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Professor Faucet

Professor Faucet Answers Some Frequently

Asked Questions About Water

Professor Faucet is a spokesperson for the National Rural Water Association. He has dedicated his life’s work to answering all kinds of questions about the water we drink. He knows how important it is to have clean, quality water in our homes.

Q. Professor Faucet, how do I know the water in my house is safe to drink?

A. Public drinking water is tested against State and Federal drinking water standards. If your water fails a test, your water company will let you know.


Q. What does it mean when my water looks white or milky? Is it safe to drink?

A. When there is air in the lines, your water will appear white or milky. This may be caused by our crews opening the lines to make a repair or to add a new installation. Ordinarily this will clear itself in a few days just by regular use of the water. It is perfectly safe to drink.

Q. Professor Faucet, our water usage is measured in cubic feet. How many gallons are in a cubic foot?

A. There are approximately 7˝ gallons in a cubic foot of water. (For example: 700 cubic feet = 5,250 gallons)

Q. Professor Faucet, one of my faucets drips. Will that increase my water bill?


A. Yes, little leaks add up in a hurry. A faucet drip or invisible toilet leak that totals only two tablespoons a minute comes to fifteen gallons a day. That’s 105 gallons a week and 5,460 wasted gallons a year.

Q. Which uses more water--the shower or the tub?

A. It all depends. A partially filled tub uses much less than a long shower, while a short shower is much more efficient than a brimful tub. If you shower in a bathtub, check yourself by plugging the tub to see how high the water comes when you are finished. Do you use more or less than that amount when you take a bath?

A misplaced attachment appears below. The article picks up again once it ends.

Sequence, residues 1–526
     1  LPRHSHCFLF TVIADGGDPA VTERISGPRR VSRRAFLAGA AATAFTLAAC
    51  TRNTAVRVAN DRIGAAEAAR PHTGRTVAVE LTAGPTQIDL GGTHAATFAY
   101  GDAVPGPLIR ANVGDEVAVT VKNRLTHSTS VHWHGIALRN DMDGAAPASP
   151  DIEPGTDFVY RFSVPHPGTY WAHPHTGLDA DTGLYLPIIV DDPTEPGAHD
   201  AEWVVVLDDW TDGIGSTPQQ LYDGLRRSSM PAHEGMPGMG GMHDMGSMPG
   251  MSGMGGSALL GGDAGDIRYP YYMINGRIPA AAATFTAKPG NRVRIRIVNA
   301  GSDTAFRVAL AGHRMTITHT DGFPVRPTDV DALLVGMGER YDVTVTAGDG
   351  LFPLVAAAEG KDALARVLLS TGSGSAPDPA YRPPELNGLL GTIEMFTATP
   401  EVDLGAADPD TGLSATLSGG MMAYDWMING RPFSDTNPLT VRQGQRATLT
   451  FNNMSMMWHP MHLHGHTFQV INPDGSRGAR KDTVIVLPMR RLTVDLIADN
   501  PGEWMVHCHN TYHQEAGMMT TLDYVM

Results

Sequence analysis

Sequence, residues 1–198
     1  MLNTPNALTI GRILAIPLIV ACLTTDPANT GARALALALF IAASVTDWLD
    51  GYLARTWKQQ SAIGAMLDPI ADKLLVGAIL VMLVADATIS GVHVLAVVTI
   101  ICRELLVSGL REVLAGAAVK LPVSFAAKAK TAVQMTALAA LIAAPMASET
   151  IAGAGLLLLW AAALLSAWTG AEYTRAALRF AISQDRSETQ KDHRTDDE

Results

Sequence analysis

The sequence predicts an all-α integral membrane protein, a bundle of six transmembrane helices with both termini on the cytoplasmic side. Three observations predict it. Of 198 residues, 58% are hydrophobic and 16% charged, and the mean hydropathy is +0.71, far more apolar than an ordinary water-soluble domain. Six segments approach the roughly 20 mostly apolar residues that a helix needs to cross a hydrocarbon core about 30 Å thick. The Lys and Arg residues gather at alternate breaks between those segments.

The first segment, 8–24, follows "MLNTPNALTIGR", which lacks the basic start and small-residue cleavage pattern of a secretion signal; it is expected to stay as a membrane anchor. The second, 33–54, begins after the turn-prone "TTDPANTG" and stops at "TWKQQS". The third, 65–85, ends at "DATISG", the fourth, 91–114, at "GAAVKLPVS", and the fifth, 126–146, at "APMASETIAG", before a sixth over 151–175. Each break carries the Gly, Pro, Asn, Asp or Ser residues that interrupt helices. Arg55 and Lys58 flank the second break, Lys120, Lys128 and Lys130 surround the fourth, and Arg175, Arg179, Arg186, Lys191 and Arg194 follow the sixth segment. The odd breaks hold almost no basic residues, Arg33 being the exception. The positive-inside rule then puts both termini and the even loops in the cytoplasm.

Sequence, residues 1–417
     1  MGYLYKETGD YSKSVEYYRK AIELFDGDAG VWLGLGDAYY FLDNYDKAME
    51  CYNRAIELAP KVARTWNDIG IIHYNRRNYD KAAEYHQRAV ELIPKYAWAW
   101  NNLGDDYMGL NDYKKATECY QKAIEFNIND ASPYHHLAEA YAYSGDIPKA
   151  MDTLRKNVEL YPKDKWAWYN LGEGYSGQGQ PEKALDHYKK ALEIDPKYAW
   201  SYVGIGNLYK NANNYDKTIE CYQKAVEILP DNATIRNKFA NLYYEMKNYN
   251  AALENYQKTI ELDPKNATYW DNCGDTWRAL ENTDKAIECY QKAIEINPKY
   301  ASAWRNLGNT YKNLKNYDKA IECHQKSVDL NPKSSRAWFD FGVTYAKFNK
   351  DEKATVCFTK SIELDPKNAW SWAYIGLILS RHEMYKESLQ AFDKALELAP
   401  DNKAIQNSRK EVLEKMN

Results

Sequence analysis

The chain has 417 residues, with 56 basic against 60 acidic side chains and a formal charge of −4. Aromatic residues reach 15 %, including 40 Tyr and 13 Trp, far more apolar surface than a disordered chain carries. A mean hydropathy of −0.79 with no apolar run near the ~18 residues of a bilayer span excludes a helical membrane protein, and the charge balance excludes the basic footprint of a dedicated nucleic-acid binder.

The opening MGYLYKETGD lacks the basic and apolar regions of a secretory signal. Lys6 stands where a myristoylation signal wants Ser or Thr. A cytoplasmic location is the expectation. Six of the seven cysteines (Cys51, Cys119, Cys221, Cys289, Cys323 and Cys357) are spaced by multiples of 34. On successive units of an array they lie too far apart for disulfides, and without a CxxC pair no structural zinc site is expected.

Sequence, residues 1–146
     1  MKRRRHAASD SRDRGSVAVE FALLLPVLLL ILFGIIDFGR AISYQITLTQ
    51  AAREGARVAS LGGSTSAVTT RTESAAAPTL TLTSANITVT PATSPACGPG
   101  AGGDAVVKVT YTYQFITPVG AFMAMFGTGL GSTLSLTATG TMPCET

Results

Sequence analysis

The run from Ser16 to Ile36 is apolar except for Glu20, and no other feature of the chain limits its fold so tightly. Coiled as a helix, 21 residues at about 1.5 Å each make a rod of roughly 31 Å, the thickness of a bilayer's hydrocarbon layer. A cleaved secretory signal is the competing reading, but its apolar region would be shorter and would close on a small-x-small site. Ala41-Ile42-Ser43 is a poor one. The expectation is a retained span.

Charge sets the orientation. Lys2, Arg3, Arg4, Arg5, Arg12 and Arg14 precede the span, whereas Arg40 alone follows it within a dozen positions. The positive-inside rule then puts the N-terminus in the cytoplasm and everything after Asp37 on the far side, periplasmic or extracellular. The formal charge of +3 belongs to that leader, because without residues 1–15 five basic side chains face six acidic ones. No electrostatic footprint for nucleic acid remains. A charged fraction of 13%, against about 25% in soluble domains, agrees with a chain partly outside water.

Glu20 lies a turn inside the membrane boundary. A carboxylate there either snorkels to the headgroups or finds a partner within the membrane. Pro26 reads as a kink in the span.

Q. Professor Faucet, every once in a while my water tastes and smells like chlorine. What can I do about it?

A. Chlorine, used by water suppliers to kill harmful germs in drinking water, is a particularly volatile (easy to smell) chemical. What that means to you is that it is easy to get rid of the “medicinal” taste and smell of chlorine in drinking water. You can boil water for about 5 minutes; after you are done, store the water in the refrigerator in a closed glass container. Cold water always tastes better. This should not be a frequent problem with the "District" since they rarely have to chlorinate.

Q. Can I test my toilet for invisible leaks?

A. Yes. You can test it by dropping about 10 drops of food coloring into the tank. Do not flush for 15 minutes. If the colored water shows up in the bowl, the tank is leaking.

Q. I have heard that an aerator will help cut my water usage. What is an aerator?

A. An aerator is a simple device that mixes air with water from your faucet. The air cuts the flow so you use less water. It also keeps the water from splashing so much in the sink.

Q. Is a spray tap the same thing as an aerator?

A. Spray taps work very much like aerators, except that they spray water like a miniature shower. You can swivel them from side to side to direct the spray wherever you want it in the sink. These are great on the kitchen faucet.

Q. Is there a way to cut my water flow in the shower, too?

A. The easiest way to cut back on water usage in the shower is to turn the water on half way instead of full blast, but if you have kids or teenagers that may not be realistic. Water-saving showerheads cut the average flow from about 4.5 gallons per minute to as little as 1.25 gallons per minute. Any showerhead manufactured in the United States is now required by law to release no more than 3.2 gallons per minute. On the average, they will cost about $10.00.

An even less expensive method of slowing water flow is with a shower restrictor. A shower restrictor is a round piece of metal or plastic with a small hole in the center that fits between your showerhead and the faucet pipe. The small hole slows down the flow of water.

If you have questions you would like Professor Faucet to answer please e-mail them to He will try to respond to as many as possible.

This Page Last Modified on May 9, 2017